A cartogram is a map in which the geometry of regions is distorted in order to convey the information of an alternate variable. The region area will be inflated or deflated according to its numeric value. In R, the cartogram package is the best way to build it, as illustrated in the examples below.

The cartogram package: step by step

The cartogram package allows to build cartograms in R. It requires a geospatial object as input, with a numeric variable in the data slot. This variable will be used to distort region shape. The following example will guide you through the process:

Application on Hexbin map

A hexbin map is a map where each region is represented as an hexagon. It is possible to apply a cartogram algorithm to such a map, as suggested in the example below. Note that you probably want to explore the hexbin map section before making a cartogram with it.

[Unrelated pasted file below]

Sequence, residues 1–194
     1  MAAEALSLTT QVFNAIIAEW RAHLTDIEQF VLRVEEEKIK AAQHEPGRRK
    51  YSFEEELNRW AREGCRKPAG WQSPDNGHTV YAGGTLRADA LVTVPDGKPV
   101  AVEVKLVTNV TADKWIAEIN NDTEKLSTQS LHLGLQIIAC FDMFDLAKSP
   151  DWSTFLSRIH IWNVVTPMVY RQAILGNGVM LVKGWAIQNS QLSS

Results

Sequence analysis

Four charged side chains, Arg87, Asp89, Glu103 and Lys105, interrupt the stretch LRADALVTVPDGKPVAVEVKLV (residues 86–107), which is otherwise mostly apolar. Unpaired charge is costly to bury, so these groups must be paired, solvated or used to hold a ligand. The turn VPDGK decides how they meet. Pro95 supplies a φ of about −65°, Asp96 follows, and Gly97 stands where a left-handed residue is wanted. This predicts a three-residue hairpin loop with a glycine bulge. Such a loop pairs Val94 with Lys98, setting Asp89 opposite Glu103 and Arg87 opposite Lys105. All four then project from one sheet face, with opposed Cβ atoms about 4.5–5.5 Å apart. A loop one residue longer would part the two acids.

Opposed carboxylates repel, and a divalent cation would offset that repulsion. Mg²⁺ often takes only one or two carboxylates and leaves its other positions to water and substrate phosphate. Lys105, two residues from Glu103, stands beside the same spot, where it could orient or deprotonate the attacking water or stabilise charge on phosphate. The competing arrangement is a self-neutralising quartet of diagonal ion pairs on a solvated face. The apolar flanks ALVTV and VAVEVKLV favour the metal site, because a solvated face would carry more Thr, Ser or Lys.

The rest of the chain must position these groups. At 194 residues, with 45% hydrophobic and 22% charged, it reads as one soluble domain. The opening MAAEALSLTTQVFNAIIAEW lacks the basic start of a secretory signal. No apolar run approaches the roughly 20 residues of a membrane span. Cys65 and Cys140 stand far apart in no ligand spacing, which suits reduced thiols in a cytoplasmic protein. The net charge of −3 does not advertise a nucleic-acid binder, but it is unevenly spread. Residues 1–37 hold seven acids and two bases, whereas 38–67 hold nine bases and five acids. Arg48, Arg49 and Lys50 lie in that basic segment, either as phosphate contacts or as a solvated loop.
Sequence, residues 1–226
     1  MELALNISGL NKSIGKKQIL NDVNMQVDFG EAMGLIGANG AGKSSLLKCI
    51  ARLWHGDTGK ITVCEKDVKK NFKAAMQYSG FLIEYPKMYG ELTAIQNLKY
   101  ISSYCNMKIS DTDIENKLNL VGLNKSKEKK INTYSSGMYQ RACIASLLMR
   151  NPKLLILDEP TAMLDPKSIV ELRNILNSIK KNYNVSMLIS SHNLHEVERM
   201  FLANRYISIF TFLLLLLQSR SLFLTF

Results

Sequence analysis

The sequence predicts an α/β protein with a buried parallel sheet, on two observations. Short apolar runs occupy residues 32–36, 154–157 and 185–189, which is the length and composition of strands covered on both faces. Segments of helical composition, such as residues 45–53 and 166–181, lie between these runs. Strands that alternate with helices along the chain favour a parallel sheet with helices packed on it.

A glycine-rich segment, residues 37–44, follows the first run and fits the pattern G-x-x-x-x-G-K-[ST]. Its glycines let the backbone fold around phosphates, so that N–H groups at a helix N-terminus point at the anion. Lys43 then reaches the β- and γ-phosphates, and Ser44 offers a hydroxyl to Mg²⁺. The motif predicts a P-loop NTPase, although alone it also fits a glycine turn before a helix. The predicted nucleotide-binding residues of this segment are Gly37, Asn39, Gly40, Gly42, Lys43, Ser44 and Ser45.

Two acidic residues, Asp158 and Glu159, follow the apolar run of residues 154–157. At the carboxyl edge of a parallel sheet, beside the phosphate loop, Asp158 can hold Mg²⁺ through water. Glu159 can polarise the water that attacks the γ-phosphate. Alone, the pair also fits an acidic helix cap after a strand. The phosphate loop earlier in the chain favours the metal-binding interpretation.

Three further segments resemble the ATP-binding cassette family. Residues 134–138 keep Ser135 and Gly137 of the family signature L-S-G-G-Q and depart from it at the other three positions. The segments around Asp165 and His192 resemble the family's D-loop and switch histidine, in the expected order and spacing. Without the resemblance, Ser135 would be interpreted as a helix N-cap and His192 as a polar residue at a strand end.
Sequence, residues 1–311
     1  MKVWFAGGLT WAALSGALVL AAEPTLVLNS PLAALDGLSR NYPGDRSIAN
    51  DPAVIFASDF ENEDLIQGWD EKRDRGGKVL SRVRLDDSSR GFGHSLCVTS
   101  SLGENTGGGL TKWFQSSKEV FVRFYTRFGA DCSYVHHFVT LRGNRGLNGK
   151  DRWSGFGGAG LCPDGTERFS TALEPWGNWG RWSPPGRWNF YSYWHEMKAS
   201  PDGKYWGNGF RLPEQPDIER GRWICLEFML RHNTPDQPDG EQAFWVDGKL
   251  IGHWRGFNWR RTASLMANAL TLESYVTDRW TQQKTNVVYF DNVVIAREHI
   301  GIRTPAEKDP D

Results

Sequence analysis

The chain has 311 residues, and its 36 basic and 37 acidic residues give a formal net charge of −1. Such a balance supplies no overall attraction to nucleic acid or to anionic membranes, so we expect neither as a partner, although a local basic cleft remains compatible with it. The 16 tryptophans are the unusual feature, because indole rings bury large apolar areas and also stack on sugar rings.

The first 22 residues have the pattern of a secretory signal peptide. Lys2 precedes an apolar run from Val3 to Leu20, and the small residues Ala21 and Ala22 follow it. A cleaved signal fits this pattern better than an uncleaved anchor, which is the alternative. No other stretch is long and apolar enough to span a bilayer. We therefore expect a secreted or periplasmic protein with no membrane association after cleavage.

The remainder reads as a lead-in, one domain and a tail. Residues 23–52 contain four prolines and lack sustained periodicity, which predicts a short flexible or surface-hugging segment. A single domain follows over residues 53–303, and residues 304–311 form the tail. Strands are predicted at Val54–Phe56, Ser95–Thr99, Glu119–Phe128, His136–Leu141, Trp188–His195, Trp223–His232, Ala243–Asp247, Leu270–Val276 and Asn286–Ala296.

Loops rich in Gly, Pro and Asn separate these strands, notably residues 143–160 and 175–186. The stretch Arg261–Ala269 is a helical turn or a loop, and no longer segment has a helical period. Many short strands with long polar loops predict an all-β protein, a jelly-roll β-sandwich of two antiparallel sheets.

Animated version

The following example describes extensively how to make a smooth transition between a choropleth map and a cartogram. This is possible thanks to the tweenR and the gganimate libraries. See the explanations here. See the animation section for more examples of animation with R.

Code Animation section
Best R Cartogram Examples

The web is full of astonishing R charts made by awesome bloggers. The R graph gallery tries to display some of the best creations and explain how their source code works. If you want to display your work here, please drop me a word or even better, submit a Pull Request!

Related chart types

Hexbin map
Bubble map